A Lot or a Little?
What you will—and won't—find in this book.
Readers get a look at some aspects of the musical theater business, internships, and the college application process.
Good friends and family members care for and support one another. In relationships, respect, honesty and open communication are key. Recognize your mistakes, overcome embarrassment, and be true to yourself.
Positive Role Models
Millie's father is an awesome single dad. His sister is a business owner who helps raise Millie. The teen characters are loyal and supportive friends. There are multiple examples of mentorship. Millie is confident, kind, and talented. She's a good friend who likes to help others. Millie and and Oliver create a mentoring program in the theater department at their high school and also push for double-casting so that more students can be included in the shows.
The girls and women in the story are smart, capable, and independent. Multiple female characters have achieved career success in the arts and in business. Millie's nemesis-turned-friend and romantic interest, Oliver, is Chinese American. Millie's aunt is a lesbian in a relationship with another female character.
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Sex, Romance & Nudity
A brief reference to Millie's dad's romantic partners and implied sexual encounters in college. A few instances of minimal kissing between opposite- and same-gender couples.
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Teens occasionally think or say "ass," "damn," "hell," or "s--t," An adult uses "f--king" once as an adjective.
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Products & Purchases
Lots of references to food brands (Twizzlers, Snickers, Reese's Puffs, etc.). Characters frequently mention social media platforms, such as Instagram, Facebook, and TikTok. They also talk about Netflix and specific movie franchises, including The Avengers and The Lord of the Rings. There are tons of musical theater references, including a variety of shows, soundtracks, songs, and actors, with references to Mamma Mia! being the most frequent.
Drinking, Drugs & Smoking
Milie's dad's LiveJournal from his college days mentions an instance of drinking too much and being hungover. There are two brief references to "pot," not in relation to any of the characters.
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Parents Need to Know
Parents need to know that When You Get the Chance, by New York Times bestselling and Reese's Book Club author Emma Lord is a coming-of-age story with a Mamma Mia! plot twist. Talented teen Millie is excited to attend a pre-college musical theater program in California. Her dad, Cooper, isn't on board and thinks Millie should finish high school in New York. Disappointed, Millie decides it's time to find the mom she's never met. Millie and her best friend find clues online that lead them to three possibilities. In trying to meet the women, Millie gets entangled in a variety of adventures and tricky situations, with a ton of musical theater references mixed in. There are a few romances that involve limited kissing and a brief reference to Cooper's romantic partners and implied sexual encounters in college. Language includes scattered instances of teens thinking or saying "ass," "damn," "hell," or "s--t," and an adult uses "f--king" as an adjective once. There's mention of a time Cooper drinks too much in college. The novel is full of endearing characters who are kind, caring, and supportive of each other. Adults and teens are positive role models who look out for others, admit their mistakes, and treat each other with respect.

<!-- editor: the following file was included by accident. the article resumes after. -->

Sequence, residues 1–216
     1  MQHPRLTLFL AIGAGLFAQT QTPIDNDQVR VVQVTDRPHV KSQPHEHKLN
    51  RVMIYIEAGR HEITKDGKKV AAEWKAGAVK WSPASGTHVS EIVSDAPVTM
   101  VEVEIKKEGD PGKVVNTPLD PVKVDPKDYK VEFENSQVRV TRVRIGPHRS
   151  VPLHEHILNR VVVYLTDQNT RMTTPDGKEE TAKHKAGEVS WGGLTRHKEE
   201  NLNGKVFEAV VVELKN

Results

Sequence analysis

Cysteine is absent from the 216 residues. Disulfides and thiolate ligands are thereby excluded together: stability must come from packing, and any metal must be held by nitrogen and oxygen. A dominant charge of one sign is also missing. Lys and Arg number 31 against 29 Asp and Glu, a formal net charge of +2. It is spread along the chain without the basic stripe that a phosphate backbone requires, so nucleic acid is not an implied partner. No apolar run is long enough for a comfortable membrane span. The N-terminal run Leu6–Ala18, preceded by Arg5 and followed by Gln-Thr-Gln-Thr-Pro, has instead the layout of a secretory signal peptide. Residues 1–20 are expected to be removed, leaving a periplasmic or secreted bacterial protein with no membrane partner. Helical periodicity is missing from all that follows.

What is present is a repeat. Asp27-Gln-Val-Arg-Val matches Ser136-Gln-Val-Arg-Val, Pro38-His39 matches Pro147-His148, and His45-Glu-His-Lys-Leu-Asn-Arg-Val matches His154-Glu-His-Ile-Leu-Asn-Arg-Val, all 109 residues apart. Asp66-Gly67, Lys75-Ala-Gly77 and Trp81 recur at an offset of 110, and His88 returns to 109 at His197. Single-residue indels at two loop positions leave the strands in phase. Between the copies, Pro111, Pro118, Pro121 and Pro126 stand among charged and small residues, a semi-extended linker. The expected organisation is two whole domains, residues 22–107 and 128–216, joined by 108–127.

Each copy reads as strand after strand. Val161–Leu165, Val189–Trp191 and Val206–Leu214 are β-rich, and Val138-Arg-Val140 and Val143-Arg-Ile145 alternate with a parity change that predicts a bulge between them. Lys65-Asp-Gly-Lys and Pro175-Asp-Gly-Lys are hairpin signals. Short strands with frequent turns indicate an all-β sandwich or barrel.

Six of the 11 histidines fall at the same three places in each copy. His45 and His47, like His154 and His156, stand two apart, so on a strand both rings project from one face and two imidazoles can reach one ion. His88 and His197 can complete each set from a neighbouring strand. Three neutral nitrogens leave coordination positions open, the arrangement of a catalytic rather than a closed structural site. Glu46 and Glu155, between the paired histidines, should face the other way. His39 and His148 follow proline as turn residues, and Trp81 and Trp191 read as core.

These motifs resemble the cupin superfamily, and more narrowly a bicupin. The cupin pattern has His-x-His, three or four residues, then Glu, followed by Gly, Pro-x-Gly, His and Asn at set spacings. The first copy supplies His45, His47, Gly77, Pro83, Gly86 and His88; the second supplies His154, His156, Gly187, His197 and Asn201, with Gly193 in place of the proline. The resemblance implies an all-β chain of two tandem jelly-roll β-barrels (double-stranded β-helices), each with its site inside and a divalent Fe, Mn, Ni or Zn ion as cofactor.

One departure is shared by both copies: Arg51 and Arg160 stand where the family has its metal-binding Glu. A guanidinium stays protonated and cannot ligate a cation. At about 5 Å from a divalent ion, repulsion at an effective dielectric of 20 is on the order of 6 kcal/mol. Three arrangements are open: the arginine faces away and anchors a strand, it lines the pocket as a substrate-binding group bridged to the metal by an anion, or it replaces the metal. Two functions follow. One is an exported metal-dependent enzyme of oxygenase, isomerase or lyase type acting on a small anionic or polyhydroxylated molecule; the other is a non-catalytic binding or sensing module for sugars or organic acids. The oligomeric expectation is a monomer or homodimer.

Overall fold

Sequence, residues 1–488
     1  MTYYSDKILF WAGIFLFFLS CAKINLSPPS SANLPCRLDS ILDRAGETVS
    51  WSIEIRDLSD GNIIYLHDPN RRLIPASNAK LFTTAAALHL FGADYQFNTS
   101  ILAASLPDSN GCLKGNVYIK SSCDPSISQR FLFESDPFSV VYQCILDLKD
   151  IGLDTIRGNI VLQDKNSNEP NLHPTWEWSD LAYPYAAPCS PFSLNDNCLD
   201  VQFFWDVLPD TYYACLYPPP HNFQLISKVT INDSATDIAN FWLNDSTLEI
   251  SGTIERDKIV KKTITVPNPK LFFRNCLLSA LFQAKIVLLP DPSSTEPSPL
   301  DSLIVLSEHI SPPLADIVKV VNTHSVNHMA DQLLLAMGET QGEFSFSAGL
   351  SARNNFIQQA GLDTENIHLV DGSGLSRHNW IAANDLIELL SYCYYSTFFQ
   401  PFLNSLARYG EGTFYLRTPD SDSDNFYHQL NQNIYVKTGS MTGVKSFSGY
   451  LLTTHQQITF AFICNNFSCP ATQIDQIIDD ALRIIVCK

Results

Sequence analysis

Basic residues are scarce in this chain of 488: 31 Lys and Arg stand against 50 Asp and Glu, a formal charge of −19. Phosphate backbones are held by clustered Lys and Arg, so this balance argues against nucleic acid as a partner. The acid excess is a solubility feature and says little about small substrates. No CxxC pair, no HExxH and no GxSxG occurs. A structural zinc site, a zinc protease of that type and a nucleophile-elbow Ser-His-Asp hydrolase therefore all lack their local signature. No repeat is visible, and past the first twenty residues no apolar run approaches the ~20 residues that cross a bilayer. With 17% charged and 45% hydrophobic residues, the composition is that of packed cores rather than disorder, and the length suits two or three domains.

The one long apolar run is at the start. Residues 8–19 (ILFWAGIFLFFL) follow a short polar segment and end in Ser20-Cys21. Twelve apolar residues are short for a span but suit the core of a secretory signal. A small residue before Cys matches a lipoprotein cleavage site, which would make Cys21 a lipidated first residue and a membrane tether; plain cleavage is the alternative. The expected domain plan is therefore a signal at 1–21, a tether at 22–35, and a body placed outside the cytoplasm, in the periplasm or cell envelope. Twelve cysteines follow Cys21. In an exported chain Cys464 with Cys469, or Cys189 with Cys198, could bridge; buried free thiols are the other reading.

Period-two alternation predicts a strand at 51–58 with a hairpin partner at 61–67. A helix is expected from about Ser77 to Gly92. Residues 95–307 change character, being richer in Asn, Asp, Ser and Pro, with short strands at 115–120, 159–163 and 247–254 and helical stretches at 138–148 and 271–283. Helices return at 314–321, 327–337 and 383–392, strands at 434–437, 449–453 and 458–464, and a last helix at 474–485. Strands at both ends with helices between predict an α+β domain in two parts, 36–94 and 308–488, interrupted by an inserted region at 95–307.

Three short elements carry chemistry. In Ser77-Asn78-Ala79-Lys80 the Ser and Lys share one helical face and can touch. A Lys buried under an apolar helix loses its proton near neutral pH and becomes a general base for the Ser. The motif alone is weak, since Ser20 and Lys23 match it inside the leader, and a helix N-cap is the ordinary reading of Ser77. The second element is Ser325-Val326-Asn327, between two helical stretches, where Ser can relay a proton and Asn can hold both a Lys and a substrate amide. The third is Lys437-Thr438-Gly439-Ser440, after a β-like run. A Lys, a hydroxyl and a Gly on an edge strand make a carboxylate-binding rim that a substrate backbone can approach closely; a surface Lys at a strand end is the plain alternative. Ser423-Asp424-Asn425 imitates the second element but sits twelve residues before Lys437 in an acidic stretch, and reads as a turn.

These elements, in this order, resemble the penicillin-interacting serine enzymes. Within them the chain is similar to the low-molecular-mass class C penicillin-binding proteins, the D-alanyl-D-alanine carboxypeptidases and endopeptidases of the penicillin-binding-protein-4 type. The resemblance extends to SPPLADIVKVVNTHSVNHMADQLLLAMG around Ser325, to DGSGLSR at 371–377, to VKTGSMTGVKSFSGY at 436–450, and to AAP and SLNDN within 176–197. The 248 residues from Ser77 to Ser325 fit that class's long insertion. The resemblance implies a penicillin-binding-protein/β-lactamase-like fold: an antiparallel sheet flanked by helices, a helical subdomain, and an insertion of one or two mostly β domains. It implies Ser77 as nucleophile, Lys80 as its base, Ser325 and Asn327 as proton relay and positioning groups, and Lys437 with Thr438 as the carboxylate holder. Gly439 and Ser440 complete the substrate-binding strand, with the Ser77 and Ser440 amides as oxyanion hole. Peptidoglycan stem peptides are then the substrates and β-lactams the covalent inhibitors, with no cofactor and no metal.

Is It Any Good?
This exciting novel entertains with endearing characters and a fun plot. At the heart of When You Get the Chance, Millie Price shines with her outgoing personality and her big dreams. She stumbles a bit along the way and struggles with family, friends, and identity in ways that many teens may relate to. The Mamma Mia! plot twist, with Millie's quest to find her mom, creates a nice amount of suspense. A few predictable but sweet romances that develop among the characters add to the charm of the story.
Unfortunately, there isn't much ethnic or racial diversity among the characters, especially given that it takes place in New York City. Millie's rival turned romantic interest Oliver Yang is Chinese American. There's a brief reference to his mom facing discrimination when she auditions for roles and is only called back for "tokenized Asian things." However, there's good representation of nontraditional gender roles with Cooper being Millie's primary caretaker as a single dad and several childless women flourishing in their careers. Overall, this is a fun and fast-paced read, with an abundance of current media references, that will appeal teens. Musical theater fans will especially enjoy it due to numerous mentions of popular shows, songs, and performers.
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Our Editors Recommend
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